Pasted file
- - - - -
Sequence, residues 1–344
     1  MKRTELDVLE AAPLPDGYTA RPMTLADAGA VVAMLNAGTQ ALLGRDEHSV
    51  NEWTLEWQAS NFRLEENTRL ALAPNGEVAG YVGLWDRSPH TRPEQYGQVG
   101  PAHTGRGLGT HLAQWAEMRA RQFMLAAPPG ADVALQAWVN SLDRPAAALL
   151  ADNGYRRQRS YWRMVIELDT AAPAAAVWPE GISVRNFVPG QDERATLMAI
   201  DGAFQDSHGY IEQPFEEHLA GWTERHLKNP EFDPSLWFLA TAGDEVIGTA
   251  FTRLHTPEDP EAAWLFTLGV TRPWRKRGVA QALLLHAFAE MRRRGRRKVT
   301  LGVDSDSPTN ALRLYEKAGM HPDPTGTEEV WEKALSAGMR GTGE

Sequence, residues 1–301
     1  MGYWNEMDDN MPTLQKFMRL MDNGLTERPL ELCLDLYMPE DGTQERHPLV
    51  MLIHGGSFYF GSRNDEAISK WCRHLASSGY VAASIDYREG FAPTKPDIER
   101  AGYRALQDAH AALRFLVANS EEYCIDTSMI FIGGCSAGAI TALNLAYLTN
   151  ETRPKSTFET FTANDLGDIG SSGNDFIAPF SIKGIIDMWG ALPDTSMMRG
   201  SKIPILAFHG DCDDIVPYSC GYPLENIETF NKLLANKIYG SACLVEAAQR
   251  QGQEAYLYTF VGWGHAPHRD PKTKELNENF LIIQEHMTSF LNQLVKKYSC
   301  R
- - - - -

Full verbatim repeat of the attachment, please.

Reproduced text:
Sequence, residues 1–344
     1  MKRTELDVLE AAPLPDGYTA RPMTLADAGA VVAMLNAGTQ ALLGRDEHSV
    51  NEWTLEWQAS NFRLEENTRL ALAPNGEVAG YVGLWDRSPH TRPEQYGQVG
   101  PAHTGRGLGT HLAQWAEMRA RQFMLAAPPG ADVALQAWVN SLDRPAAALL
   151  ADNGYRRQRS YWRMVIELDT AAPAAAVWPE GISVRNFVPG QDERATLMAI
   201  DGAFQDSHGY IEQPFEEHLA GWTERHLKNP EFDPSLWFLA TAGDEVIGTA
   251  FTRLHTPEDP EAAWLFTLGV TRPWRKRGVA QALLLHAFAE MRRRGRRKVT
   301  LGVDSDSPTN ALRLYEKAGM HPDPTGTEEV WEKALSAGMR GTGE

Sequence, residues 1–301
     1  MGYWNEMDDN MPTLQKFMRL MDNGLTERPL ELCLDLYMPE DGTQERHPLV
    51  MLIHGGSFYF GSRNDEAISK WCRHLASSGY VAASIDYREG FAPTKPDIER
   101  AGYRALQDAH AALRFLVANS EEYCIDTSMI FIGGCSAGAI TALNLAYLTN
   151  ETRPKSTFET FTANDLGDIG SSGNDFIAPF SIKGIIDMWG ALPDTSMMRG
   201  SKIPILAFHG DCDDIVPYSC GYPLENIETF NKLLANKIYG SACLVEAAQR
   251  QGQEAYLYTF VGWGHAPHRD PKTKELNENF LIIQEHMTSF LNQLVKKYSC
   301  R